Howard played 77 times over three seasons for the Red Devils before being loaned and eventually sold to Everton in 2006 following the arrival of Edwin van der Sar.

    The American international has been first choice for the Toffees since his arrival and is now into his 11th season as a top-flight Premier League goalkeeper.

    He is closing in on 300 league appearances for Everton and has proved himself to be one of the most consistent goalkeepers of the decade.

    Did Sir Alex Ferguson sell him too soon? The evidence says that he released a very good player before he hit his prime. 

John Gidman

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    When reviewing all of the players who have played for both Manchester United and Everton, there is a distinct lack of defenders.

    However, Liverpudlian full-back John Gidman represented both teams and was a part of Ron Atkinson's famous 1985 FA Cup-winning Red Devils team that defeated Everton at Wembley.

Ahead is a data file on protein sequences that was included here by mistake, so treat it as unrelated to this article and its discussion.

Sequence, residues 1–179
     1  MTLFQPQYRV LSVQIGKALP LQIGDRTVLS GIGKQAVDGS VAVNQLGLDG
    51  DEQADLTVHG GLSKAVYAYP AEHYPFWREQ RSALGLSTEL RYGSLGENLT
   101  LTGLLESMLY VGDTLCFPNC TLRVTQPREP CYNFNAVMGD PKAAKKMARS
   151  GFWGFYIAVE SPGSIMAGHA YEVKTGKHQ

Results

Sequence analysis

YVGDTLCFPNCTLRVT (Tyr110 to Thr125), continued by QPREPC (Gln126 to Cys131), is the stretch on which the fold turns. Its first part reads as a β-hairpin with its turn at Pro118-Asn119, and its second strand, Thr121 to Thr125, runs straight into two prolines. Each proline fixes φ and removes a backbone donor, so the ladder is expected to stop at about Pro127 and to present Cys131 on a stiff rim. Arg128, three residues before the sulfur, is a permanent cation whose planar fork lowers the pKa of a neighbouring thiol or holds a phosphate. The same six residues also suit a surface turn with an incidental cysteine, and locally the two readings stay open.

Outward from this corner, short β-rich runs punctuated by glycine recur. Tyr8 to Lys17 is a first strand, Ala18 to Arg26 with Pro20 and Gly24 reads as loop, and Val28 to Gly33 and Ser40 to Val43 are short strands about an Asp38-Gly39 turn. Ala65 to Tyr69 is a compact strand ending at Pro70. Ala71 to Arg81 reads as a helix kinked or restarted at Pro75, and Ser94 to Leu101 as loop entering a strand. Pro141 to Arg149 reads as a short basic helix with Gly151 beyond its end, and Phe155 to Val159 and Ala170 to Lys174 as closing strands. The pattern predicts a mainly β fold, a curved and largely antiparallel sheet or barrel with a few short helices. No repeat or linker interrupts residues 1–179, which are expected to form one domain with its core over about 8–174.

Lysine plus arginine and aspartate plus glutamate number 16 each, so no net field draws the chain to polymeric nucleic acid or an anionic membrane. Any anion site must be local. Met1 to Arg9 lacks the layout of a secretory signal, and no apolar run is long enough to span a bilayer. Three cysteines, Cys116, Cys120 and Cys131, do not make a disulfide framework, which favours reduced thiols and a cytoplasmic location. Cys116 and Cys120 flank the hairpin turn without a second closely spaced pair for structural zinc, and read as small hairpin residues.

Gidman was Atkinson's first signing for United in 1981, a deal which saw Mickey Thomas move the opposite way to Goodison Park. 

    Despite being one of the most consistent full-backs in English football in the late 1970s and early 1980s, Gidman only represented his country just the once. 

    He left United in 1986, signing for local rivals Manchester City

Phil Neville

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    A multi-talented sportsman as a teenager, Phil Neville made his Manchester United debut in 1995 after graduating through the club's famed youth system that also produced his brother Gary.